Weston said Thursday that “We’re starting to see that downward trend occurring” in terms of new diagnoses. The numbers haven’t gone down much, but a bit. “We want to see that very consistently at least over a two-week period,” Weston says.
Phase three is what Weston calls “Life as normal.” It’s “what we all remember from six months ago.”
To do that, we need to see that sustained downward trend in terms of the number of cases that Dr. Weston described.
In Milwaukee County, the numbers are not skyrocketing: the number of new cases per day in April have never been over 100 and most days are less than 70. But statewide, the numbers have done anything but slowed. Between the start of the crisis and the middle of April, the state never saw more than 199 new cases in one day. On Wednesday, April 22, there were 225 new cases in a day — the first time the state surpassed 200 cases in a day. The next day, another 207 were added to the statewide count.
Weston had one other warning, when he sat down for a videochat interview with Milwaukee Magazine: “There’s no doubt that when Safer at Home is pulled back the number of cases will increase. That’s just inherent with infectious diseases.”
7 Cases of COVID-19 Potentially Linked to Election Day in Milwaukee
Health officials are tracking “Election Activity.”
BY ADAM ROGAN
UPDATE: April 21, 2020
Coronavirus spread further over the past two weeks, likely because Wisconsin went ahead with in-person voting on April 7, according to numbers from the Milwaukee Health Department.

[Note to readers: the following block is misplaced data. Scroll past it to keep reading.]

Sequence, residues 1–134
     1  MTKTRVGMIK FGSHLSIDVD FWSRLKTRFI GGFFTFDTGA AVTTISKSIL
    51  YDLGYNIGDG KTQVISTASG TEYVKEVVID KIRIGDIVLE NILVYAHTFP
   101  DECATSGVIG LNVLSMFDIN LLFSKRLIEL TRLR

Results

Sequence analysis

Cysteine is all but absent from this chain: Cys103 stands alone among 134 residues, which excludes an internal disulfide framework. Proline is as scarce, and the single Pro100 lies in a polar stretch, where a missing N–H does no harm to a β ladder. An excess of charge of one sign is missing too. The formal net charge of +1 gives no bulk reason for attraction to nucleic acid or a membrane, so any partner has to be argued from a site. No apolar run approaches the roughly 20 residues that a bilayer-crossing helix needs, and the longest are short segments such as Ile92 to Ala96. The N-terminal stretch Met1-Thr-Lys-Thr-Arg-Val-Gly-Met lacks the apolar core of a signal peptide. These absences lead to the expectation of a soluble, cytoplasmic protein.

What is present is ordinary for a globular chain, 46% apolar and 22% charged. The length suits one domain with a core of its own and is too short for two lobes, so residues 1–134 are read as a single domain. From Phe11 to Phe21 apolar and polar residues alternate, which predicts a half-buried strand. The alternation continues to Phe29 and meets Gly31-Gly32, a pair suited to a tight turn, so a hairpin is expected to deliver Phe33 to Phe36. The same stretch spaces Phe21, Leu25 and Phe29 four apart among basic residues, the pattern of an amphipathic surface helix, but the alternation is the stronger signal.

Thousands turned out to wait in hours-long lines at Milwaukee’s five polling places on Election Day, something that Mayor Tom Barrett and health leaders had been begging to call off since March. Gov. Tony Evers, less than 24 hours before polls were set to open, tried to postpone voting, but that last-minute attempt was blocked when the Wisconsin Supreme Court sided with a Republican lawsuit, allowing in-person voting to continue.
And now, seven cases of COVID-19 have been linked to Election Day in Milwaukee alone. Six of the cases were voters and one was a poll worker, the Milwaukee Health Department has confirmed.
The typical two-week incubation period for coronavirus for someone who caught it on Election Day (April 7) has now passed.
The Wisconsin Department of Health Services is collecting information called “Election Activity,” referring to people who participated in the election (either as in-person voters or as poll workers) who have contracted COVID-19. But as of Tuesday, April 21, the state only had compiled 30% of the data it needs for reliable Election Activity data.